Smartphone Users are Sticking with Smaller Displays

Samsung Galaxy note II Pen 2

The size of smartphones has been growing and growing over the last few years and the age when smaller devices were seen as more desirable is now long behind us. Many manufacturers have launched handsets which have displays in excess of 5-inches and a new category of smartphone, the ‘phablet’, has emerged.

However, recent figures suggest that these devices may not be as popular as is widely perceived. Research by Flurry, a firm which gathers data on consumer trends on behalf of app developers, suggests that the majority of smartphone use is carried out using handsets that have displays of a smaller size.

Covering several aspects of how smartphones are used, the most interesting point that can be gleaned from the data is that 70% of Android usage comes from handsets that have displays between 3.5-inches and 4.9-inches in size. This encapsulates a huge number of devices ranging from the likes of the HTC One V with its 3.7-inch screen, up to the Samsung Galaxy S III with its, 4.8-inch display.

Conversely, only 7% of usage comes from Android handsets with displays that exceed that 4.9-inch figure, a statistic which seems surprising considering the high profile and degree of mainstream acceptance that phablets have recently gained.

While there is no strict definition of what places a handset in the phablet category, it is widely said that a screen in excess of 5-inches is necessary for qualification. When we recently reviewed the Sony Xperia Z we steered clear of defining that device as a phablet even though its 5-inch display pushes very close to the larger category. However, Samsung’s Galaxy Note and Note 2 (with 5.3-inch and 5.5-inch displays respectively) are widely accepted as phablets, with many considering them to almost define that category of smartphone.

It’s worth noting that Flurry’s figures refute this categorisation and put smartphones with 5-inch displays in the phablet category. If some of these devices have been counted as phablets when many would not consider them as such it may be the case that even more usage is coming from handsets with ‘normal’ displays.


Either way, the figures are a little surprising since phablets have become so popular amongst the smartphone buying public of late. Samsung has claimed that more than five million of its Galaxy Note 2 devices were sold by the end of 2012, an incredible figure considering that the handset was only launched in September of that year.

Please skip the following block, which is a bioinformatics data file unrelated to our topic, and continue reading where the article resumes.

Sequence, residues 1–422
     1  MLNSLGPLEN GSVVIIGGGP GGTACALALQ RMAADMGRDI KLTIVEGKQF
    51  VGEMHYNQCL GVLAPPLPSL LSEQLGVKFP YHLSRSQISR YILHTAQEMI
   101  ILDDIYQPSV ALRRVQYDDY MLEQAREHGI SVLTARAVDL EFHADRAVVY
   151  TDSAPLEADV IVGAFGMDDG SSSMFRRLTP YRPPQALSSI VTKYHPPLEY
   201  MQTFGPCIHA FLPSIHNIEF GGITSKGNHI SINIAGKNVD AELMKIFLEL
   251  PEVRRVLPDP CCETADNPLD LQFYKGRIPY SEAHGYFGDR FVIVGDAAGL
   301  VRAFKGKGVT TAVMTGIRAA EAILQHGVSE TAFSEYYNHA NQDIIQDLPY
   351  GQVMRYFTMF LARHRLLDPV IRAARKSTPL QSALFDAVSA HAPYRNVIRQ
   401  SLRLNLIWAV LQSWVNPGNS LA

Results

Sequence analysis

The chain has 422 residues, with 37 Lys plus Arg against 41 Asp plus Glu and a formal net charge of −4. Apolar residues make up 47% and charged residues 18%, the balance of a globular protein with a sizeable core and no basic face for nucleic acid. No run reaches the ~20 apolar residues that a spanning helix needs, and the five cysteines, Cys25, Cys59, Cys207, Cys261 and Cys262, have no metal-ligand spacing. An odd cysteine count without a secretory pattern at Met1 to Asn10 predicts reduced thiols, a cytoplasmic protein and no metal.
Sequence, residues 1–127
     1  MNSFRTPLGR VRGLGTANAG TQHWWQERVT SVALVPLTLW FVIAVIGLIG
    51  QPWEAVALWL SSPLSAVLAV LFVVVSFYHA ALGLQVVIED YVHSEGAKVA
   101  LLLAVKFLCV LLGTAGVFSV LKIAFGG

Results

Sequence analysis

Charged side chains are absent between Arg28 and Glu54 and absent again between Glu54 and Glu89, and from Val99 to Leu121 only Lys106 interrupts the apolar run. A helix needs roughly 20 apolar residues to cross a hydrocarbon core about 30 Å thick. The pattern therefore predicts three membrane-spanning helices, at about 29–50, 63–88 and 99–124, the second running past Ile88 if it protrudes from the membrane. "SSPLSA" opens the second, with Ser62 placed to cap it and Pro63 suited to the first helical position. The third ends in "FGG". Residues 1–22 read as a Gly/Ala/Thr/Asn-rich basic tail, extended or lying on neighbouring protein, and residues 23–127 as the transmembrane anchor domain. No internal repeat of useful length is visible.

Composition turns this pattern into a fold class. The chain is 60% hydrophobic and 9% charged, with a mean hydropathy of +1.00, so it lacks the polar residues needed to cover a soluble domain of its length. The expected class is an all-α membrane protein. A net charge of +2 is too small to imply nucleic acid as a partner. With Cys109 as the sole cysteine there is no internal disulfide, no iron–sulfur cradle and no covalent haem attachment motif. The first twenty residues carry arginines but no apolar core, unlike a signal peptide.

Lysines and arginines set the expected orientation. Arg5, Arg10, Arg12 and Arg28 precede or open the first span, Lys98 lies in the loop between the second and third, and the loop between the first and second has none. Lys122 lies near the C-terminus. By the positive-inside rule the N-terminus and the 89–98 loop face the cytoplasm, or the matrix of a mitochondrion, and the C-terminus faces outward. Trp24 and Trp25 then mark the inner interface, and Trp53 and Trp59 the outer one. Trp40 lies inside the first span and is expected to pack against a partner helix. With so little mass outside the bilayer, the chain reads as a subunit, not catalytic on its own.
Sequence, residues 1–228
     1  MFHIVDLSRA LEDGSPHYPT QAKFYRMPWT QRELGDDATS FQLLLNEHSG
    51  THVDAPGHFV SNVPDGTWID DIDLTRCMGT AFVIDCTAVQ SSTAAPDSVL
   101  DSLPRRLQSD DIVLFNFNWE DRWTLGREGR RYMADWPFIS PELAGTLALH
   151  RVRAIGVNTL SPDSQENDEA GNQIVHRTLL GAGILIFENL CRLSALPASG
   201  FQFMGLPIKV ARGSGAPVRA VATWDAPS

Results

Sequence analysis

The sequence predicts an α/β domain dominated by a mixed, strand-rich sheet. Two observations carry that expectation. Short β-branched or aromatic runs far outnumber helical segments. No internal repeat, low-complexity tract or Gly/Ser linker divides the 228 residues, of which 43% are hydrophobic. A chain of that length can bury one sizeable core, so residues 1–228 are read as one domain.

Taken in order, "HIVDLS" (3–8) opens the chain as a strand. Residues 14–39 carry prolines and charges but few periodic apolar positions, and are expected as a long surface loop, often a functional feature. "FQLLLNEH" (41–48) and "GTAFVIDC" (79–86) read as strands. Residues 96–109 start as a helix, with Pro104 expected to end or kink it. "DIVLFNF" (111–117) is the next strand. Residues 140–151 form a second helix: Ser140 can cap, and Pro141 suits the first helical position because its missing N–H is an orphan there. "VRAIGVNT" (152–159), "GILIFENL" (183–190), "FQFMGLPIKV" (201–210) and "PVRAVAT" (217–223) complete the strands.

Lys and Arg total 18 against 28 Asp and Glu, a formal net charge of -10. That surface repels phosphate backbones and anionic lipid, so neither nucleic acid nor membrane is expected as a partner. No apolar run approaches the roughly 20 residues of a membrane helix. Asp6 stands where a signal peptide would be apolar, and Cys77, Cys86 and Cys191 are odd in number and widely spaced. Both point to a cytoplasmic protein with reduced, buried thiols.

The original Galaxy Note was widely thought of as freakishly large when it launched a year earlier but sold well enough to make Samsung and other manufacturers realise that a new category of handset had opened up. Whilst certainly not the first phablet device, the success of the Galaxy Note likely led to other firms such as LG and HTC launching similarly sized smartphones.

However,  the Flurry figures don’t take into account that many of the handsets from which the data is drawn are likely to be older devices launched in an age when it was de rigueur for smartphones to have less expansive displays. It was only eighteen months ago that the Galaxy Note emerged and changed the landscape of the smartphone market, so many people who bought Android devices before this could still be tied to two-year contracts.

If the same research is undertaken in a couple of years time we may see a big change in the level of phablet usage as people migrate to the larger devices when their contracts are up. Some industry commentators have suggested that the Flurry figures point towards larger devices being merely a blip in the evolution of smartphones and that handsets with displays in the region of 4-inches will eventually re-emerge as prevalent.

However, we think this is more indicative of the fact that even if a certain handset is selling by the million and is widely desired by consumers, there are many people who are still tied into contracts and stuck with an older device for the time being. Over time however, phablets could well gain more usage as their high-profile in the smartphone world continues to translate into sales.

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